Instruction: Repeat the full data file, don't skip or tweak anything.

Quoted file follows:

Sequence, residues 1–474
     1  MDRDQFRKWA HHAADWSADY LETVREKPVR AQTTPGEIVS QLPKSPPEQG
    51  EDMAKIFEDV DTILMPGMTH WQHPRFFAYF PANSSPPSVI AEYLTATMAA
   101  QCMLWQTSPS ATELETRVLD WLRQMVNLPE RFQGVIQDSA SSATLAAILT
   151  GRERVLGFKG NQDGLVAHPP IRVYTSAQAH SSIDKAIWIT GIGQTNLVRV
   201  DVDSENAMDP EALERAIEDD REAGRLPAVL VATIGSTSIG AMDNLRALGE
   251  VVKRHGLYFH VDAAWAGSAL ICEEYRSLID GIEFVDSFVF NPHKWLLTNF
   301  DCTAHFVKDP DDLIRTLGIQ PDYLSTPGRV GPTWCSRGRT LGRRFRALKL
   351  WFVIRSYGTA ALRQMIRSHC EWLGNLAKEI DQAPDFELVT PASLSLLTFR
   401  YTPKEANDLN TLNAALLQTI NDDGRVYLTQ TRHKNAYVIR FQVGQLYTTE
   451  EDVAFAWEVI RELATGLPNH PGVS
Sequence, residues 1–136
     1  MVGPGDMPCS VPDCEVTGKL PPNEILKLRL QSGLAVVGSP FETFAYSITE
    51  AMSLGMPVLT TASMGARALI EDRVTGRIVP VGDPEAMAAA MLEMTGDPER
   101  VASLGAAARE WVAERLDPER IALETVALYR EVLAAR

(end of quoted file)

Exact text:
Sequence, residues 1–474
     1  MDRDQFRKWA HHAADWSADY LETVREKPVR AQTTPGEIVS QLPKSPPEQG
    51  EDMAKIFEDV DTILMPGMTH WQHPRFFAYF PANSSPPSVI AEYLTATMAA
   101  QCMLWQTSPS ATELETRVLD WLRQMVNLPE RFQGVIQDSA SSATLAAILT
   151  GRERVLGFKG NQDGLVAHPP IRVYTSAQAH SSIDKAIWIT GIGQTNLVRV
   201  DVDSENAMDP EALERAIEDD REAGRLPAVL VATIGSTSIG AMDNLRALGE
   251  VVKRHGLYFH VDAAWAGSAL ICEEYRSLID GIEFVDSFVF NPHKWLLTNF
   301  DCTAHFVKDP DDLIRTLGIQ PDYLSTPGRV GPTWCSRGRT LGRRFRALKL
   351  WFVIRSYGTA ALRQMIRSHC EWLGNLAKEI DQAPDFELVT PASLSLLTFR
   401  YTPKEANDLN TLNAALLQTI NDDGRVYLTQ TRHKNAYVIR FQVGQLYTTE
   451  EDVAFAWEVI RELATGLPNH PGVS
Sequence, residues 1–136
     1  MVGPGDMPCS VPDCEVTGKL PPNEILKLRL QSGLAVVGSP FETFAYSITE
    51  AMSLGMPVLT TASMGARALI EDRVTGRIVP VGDPEAMAAA MLEMTGDPER
   101  VASLGAAARE WVAERLDPER IALETVALYR EVLAAR